The Archbishop of Canterbury has used his Easter sermon to criticise the government’s plan to send some asylum seekers to Rwanda.
For Most Rev Justin Welby, sending asylum seekers 4,000 miles away is “subcontracting our responsibilities” and the “opposite of the nature of God”.
It comes as Boris Johnson revealed on Thursday that tens of thousands of male asylum seekers crossing the Channel in small boats would be flown to Rwanda for processing.
But many politicians, charities and human rights groups have spoken out against the policy, with some suggesting it would break international law.
Archbishop Justin said: “This season is also why there are such serious ethical questions about sending asylum seekers overseas. The details are for politics and politicians. The principle must stand the judgement of God and it cannot.
“It cannot carry the weight of resurrection justice, of life conquering death…
“And it cannot carry the weight of our national responsibility as a country formed by Christian values, because sub-contracting out our responsibilities, even to a country that seeks to do well like Rwanda, is the opposite of the nature of God who himself took responsibility for our failures.”
The head of the Church of England also took the opportunity to raise awareness of the cost of living crisis facing many in the UK.
He said: "Families across the country are waking up to cold homes and empty stomachs as we face the greatest cost-of-living crisis we have known in our lifetimes.
"And because of this they wake up with fear."
He later added: "For many in this country the news from Ukraine is terrible, but the rising cost of power, fuel and basic food will be the first and overwhelming thought of the day.
"For others it will be the continued deep sense of loss of someone from Covid, or during Covid, to whom they could not say a proper farewell. The news might move on, but grief does not."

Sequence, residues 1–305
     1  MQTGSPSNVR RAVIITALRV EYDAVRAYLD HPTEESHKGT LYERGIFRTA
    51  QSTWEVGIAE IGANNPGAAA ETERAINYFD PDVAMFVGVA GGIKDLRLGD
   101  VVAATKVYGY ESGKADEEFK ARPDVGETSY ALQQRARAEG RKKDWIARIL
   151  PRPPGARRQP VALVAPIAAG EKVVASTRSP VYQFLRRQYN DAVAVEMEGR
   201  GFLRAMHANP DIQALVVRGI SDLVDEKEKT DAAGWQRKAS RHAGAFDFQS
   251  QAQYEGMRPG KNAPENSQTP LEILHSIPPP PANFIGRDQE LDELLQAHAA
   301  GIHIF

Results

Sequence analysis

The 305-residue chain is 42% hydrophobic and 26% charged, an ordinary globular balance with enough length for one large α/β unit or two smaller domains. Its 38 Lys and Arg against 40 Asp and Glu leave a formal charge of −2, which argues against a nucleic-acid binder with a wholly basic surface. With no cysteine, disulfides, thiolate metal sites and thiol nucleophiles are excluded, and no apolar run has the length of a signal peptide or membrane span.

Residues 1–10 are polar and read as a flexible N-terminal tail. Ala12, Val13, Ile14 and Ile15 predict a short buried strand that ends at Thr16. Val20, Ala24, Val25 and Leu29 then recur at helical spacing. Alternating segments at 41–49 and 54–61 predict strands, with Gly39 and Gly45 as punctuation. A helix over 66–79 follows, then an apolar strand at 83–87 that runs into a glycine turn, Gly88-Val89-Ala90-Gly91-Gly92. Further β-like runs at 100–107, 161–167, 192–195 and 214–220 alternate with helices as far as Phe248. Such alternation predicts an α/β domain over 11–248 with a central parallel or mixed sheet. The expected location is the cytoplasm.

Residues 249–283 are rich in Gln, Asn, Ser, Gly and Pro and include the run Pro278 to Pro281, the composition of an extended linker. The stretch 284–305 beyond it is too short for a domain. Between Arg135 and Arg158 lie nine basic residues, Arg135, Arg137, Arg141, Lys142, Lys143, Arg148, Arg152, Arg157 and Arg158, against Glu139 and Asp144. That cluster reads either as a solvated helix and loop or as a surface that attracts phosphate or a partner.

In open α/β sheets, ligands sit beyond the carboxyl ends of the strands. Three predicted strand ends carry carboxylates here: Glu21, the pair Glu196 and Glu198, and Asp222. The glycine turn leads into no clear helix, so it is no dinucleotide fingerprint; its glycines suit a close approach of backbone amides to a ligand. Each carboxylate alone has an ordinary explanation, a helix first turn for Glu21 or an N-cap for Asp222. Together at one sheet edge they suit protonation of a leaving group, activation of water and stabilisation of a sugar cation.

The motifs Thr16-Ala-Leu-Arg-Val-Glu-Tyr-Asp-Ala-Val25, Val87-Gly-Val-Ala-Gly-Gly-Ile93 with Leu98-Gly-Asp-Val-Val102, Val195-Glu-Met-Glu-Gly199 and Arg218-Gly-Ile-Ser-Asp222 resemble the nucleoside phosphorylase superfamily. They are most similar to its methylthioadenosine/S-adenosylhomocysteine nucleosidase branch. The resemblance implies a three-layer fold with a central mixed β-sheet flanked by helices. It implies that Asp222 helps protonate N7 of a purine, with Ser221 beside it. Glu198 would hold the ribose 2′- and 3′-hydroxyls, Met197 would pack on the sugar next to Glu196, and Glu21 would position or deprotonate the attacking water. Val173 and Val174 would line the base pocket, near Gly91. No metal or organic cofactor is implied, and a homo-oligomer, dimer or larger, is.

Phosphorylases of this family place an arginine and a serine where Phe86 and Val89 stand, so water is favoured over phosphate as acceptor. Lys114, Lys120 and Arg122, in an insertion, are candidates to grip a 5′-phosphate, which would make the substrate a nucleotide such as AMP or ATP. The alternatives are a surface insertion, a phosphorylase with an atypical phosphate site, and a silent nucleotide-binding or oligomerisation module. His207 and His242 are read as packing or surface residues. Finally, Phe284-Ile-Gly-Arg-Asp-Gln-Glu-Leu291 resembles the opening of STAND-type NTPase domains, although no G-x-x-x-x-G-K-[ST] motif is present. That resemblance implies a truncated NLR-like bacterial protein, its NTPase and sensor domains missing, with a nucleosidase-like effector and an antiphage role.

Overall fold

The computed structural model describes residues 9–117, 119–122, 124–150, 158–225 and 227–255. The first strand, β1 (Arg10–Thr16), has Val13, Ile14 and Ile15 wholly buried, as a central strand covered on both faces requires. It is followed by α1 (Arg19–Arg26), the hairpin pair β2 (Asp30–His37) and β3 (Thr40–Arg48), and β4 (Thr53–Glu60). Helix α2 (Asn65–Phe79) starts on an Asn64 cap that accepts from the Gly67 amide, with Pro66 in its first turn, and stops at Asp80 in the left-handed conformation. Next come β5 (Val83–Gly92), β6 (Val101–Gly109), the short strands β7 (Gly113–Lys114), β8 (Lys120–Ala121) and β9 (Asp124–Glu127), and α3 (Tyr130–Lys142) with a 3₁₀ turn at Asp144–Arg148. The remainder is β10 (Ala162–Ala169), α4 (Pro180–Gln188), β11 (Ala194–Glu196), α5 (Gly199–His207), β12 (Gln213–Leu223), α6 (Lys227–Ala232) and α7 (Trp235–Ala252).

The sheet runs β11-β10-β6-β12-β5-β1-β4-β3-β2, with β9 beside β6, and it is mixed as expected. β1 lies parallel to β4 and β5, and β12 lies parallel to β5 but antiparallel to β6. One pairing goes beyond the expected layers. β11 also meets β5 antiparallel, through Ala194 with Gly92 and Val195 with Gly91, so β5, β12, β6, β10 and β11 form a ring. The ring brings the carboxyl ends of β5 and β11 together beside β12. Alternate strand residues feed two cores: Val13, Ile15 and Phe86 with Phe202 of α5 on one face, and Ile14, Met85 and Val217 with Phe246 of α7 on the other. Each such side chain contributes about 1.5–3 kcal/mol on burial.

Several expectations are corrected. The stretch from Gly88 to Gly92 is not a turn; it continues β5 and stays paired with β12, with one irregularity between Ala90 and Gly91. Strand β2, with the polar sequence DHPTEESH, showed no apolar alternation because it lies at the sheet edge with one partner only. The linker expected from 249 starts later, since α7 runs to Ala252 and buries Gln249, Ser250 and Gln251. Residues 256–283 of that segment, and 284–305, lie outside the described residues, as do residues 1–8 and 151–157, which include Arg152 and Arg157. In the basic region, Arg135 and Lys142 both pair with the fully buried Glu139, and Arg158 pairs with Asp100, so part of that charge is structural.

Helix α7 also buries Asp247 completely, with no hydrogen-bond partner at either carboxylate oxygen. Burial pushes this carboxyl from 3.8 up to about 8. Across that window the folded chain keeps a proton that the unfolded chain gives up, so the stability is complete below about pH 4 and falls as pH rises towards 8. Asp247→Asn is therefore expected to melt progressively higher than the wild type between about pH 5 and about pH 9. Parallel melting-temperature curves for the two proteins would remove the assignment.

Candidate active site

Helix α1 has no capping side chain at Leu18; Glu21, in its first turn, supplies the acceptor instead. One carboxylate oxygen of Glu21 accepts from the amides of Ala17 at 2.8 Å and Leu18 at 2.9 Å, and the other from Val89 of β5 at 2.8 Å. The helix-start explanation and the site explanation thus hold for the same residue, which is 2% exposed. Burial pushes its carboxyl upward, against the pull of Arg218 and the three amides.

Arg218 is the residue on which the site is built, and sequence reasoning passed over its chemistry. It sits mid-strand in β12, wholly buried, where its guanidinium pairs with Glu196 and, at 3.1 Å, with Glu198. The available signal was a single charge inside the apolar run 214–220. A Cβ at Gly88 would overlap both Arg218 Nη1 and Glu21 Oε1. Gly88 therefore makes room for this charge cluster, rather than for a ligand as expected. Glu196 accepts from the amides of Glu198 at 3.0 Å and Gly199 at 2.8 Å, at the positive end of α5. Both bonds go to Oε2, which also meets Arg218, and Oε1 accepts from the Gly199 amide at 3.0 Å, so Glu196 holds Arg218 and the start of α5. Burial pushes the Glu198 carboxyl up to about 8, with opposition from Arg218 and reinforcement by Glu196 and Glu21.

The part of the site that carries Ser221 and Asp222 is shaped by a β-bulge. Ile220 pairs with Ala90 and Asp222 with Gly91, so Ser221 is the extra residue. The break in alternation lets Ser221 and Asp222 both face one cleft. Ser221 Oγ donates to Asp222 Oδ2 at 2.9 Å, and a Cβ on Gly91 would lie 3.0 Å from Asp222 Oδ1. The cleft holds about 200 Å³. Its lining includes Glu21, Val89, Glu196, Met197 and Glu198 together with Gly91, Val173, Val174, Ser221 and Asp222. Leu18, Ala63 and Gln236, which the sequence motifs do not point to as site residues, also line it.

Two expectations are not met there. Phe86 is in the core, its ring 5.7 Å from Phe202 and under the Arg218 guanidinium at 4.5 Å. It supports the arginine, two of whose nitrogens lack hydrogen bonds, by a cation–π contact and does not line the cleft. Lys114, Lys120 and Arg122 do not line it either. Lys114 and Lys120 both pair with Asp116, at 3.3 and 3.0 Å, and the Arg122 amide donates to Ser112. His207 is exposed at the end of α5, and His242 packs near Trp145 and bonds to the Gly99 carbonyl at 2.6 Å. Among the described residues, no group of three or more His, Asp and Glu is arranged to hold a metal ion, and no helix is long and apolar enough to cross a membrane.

He also called for a ceasefire in the Russian war against Ukraine.
"Let this be a time for Russian ceasefire, withdrawal and a commitment to talks.
"This is a time for resetting the ways of peace, not for what Bismarck called blood and iron. Let Christ prevail! Let the darkness of war be banished," he continued.
Archbishop Justin concluded by reflecting on what the resurrection means for us as individuals.
"In dying for us, he sees and knows the wounds that cause us so much pain.
"He hears the cry of the mothers in Ukraine, he sees the fear of boys too young to become soldiers, and he knows the vulnerability of the orphans and refugees.
"Closer to home, he sees the humiliation of the grandparent visiting the foodbank for the first time, the desperate choice of parents in poverty and the grief and weariness of the pandemic.
"The resurrection of Jesus is not a magic wand that makes the world perfect.
"But the resurrection of Christ is the tectonic shift in the way the cosmos works.
"It is the conquest of death and the opening of eternal life, through Jesus a gift offered to every human being who reaches out to him."